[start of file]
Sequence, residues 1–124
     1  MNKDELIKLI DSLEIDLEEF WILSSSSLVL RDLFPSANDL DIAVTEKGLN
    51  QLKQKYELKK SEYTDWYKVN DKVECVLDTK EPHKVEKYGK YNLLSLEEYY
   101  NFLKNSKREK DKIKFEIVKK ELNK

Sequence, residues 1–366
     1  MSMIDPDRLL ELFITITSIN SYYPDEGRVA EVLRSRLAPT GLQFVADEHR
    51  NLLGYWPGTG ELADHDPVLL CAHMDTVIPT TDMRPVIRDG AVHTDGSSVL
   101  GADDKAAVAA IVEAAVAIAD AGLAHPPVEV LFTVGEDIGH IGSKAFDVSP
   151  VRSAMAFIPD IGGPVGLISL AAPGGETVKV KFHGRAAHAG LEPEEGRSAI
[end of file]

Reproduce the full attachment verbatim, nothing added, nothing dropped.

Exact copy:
Sequence, residues 1–124
     1  MNKDELIKLI DSLEIDLEEF WILSSSSLVL RDLFPSANDL DIAVTEKGLN
    51  QLKQKYELKK SEYTDWYKVN DKVECVLDTK EPHKVEKYGK YNLLSLEEYY
   101  NFLKNSKREK DKIKFEIVKK ELNK

Sequence, residues 1–366
     1  MSMIDPDRLL ELFITITSIN SYYPDEGRVA EVLRSRLAPT GLQFVADEHR
    51  NLLGYWPGTG ELADHDPVLL CAHMDTVIPT TDMRPVIRDG AVHTDGSSVL
   101  GADDKAAVAA IVEAAVAIAD AGLAHPPVEV LFTVGEDIGH IGSKAFDVSP
   151  VRSAMAFIPD IGGPVGLISL AAPGGETVKV KFHGRAAHAG LEPEEGRSAI